John Denning: Benevolences of Fraternalism

Courtesy of Kaplan University

Fraternalism and Children

Perhaps in no single field of endeavor does Fraternalism play a greater part than in its work with children. The problems of properly training children are critical; child delinquency is widespread. Every institution that can help to solve such problems in these perilous days is greatly needed.

Through the local units of the Junior Departments of the societies, children are influenced by the principles of Fraternalism during their formative years. The local lodges sponsor activities for children; they are taught how to play, along with the fundamentals of right living. Fraternalism teaches sound morals. In lodge meetings children are taught by precept and by the examples of earnest and upright men and women.

The lodges also develop qualities of leadership in children. They are given positions of responsibility in the lodge and take part in its functions. They learn to speak in public and to work with their peers on worthy and worthwhile projects. Thus they receive good citizenship training and are fitted to take an active part in community work. Through their work in lodges, children learn to understand and to appreciate the value of benevolences. They see these services in action and know their effect upon the home.

Juvenile insurance teaches children the lessons of thrift and savings. As their lives are insured in the society, children can realize the meaning of the basic purposes of life insurance. They learn how life insurance creates estates, because they are building their own life insurance estates. In the lodges they see actual examples of how life insurance protects the home. And because they are given this understanding of life insurance early and because they see the practical example of its beneficiaries, they look with favor on it and become insurance minded. They are taught the sanctity of the home and the place that life insurance has in preserving it.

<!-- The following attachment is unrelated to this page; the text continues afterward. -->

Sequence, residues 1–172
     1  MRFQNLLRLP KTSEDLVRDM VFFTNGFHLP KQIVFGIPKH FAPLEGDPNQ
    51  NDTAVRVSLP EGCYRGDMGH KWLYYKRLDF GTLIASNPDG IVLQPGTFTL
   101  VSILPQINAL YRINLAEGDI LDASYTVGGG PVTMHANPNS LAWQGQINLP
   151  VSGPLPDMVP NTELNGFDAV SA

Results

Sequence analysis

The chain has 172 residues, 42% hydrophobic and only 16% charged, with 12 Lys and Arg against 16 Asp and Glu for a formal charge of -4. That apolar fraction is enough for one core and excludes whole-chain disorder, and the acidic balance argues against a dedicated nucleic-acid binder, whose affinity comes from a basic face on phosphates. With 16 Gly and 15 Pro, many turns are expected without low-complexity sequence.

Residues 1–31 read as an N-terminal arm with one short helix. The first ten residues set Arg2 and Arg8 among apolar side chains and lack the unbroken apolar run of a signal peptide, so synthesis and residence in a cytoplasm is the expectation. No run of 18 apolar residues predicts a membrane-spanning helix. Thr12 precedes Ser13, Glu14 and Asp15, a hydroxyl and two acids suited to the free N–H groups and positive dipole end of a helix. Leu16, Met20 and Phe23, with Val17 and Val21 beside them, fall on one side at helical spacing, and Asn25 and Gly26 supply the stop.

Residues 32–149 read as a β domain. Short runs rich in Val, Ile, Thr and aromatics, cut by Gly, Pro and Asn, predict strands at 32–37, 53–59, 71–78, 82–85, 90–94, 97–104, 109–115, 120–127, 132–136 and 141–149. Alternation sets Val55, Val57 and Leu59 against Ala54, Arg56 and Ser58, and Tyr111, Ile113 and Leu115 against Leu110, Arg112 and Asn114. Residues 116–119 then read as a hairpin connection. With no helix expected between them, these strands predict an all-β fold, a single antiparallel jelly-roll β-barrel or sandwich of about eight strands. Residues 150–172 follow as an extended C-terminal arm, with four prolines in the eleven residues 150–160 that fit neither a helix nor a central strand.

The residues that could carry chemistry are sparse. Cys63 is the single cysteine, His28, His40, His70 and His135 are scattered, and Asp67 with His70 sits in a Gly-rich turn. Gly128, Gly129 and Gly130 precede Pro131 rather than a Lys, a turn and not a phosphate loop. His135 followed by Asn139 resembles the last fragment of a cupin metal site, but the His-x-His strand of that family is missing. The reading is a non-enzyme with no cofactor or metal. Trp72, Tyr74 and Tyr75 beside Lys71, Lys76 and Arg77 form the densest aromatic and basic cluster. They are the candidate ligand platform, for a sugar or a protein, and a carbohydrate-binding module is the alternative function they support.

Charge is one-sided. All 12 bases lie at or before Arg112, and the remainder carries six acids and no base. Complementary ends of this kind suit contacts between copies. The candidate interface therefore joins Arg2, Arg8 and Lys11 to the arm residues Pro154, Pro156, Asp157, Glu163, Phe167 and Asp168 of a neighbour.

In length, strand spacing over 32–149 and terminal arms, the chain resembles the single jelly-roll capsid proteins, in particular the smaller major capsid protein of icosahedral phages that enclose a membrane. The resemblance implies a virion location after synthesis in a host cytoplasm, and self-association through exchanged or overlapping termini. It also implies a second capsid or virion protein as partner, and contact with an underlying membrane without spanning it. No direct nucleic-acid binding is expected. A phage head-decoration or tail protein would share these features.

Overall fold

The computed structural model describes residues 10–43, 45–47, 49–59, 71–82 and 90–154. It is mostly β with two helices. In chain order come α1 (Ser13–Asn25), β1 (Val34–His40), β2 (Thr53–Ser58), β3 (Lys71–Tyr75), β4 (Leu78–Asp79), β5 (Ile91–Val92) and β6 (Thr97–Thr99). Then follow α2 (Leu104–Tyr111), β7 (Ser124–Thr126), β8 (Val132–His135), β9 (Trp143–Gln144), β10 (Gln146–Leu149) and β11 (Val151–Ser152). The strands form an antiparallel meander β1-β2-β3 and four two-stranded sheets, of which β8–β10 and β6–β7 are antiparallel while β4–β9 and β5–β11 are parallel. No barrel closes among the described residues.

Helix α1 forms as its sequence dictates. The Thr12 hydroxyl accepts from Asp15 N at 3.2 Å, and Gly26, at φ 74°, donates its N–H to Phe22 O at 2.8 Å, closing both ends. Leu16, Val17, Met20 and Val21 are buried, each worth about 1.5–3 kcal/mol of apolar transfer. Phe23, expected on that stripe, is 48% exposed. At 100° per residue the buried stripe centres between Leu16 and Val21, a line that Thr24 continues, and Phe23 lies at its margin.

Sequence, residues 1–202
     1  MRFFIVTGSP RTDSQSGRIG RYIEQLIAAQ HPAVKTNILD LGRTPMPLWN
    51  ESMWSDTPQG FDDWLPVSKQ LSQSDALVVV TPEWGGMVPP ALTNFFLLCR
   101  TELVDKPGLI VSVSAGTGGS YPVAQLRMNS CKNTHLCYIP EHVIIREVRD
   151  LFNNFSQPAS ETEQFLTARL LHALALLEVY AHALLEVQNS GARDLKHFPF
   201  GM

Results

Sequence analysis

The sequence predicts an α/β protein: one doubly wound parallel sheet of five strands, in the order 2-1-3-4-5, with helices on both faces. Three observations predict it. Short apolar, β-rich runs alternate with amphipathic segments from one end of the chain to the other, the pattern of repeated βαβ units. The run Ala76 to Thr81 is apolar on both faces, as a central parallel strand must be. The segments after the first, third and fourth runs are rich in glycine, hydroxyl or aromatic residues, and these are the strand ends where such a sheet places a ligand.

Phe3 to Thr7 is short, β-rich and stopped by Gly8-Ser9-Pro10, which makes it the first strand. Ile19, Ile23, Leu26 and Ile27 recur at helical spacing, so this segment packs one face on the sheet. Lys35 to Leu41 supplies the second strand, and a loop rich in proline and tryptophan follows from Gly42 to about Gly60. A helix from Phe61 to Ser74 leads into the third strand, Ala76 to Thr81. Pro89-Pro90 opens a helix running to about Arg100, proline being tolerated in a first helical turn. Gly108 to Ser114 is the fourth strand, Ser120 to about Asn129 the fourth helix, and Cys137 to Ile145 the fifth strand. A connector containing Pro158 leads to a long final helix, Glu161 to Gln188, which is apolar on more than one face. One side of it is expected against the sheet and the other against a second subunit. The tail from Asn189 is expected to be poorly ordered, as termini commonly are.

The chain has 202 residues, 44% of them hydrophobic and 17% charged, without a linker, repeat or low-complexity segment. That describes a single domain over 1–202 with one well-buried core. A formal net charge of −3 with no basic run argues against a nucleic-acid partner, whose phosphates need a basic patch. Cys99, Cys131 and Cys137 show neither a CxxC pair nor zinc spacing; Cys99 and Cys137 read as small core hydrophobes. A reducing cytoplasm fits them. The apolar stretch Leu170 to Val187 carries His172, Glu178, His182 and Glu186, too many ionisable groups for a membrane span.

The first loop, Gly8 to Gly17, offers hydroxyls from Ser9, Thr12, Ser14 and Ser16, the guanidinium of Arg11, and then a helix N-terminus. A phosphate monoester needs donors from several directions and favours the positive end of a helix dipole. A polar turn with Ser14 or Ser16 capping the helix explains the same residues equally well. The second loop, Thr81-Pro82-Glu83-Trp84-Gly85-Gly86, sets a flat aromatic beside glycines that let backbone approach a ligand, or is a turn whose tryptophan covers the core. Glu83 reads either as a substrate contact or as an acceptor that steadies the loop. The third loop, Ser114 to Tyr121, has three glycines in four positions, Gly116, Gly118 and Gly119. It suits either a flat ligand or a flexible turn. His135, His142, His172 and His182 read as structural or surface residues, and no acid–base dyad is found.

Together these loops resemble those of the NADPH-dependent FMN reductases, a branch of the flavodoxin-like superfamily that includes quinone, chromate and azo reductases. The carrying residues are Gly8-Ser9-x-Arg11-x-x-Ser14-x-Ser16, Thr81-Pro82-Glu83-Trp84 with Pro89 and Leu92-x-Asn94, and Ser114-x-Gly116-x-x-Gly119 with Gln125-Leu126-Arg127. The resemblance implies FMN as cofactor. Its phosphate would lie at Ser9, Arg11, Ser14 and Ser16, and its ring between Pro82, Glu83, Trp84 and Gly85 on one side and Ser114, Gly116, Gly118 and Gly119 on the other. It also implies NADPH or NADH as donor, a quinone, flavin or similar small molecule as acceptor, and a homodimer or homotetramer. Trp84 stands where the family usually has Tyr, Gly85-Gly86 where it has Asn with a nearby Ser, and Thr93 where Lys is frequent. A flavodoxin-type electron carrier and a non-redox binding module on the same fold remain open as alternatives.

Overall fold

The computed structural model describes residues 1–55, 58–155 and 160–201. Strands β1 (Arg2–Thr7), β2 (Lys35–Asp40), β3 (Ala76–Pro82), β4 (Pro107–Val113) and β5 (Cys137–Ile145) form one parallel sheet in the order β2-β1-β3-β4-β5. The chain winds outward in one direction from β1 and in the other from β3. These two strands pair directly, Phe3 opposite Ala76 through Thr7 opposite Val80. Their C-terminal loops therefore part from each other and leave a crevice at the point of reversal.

As the future of the nation rests upon the children of today, so the home life of the future will depend on the character that is developed now in the minds and hearts of our children. The

American Home Must Live

Times change, but worthwhile ideals do not. Home life changes; new comforts and luxuries of living are added and the old and cumbersome methods of the past are no more. But the need for proper home life does not disappear because of a raised standard of living. The home still occupies the most important place in our existence, and the love of home does not change. Our lives still center around our homes and our loved ones.

In recent times, in many ways, home life in America has been threatened and therein lies the responsibility of Fraternalism. By serving its nation, Fraternalism serves humanity.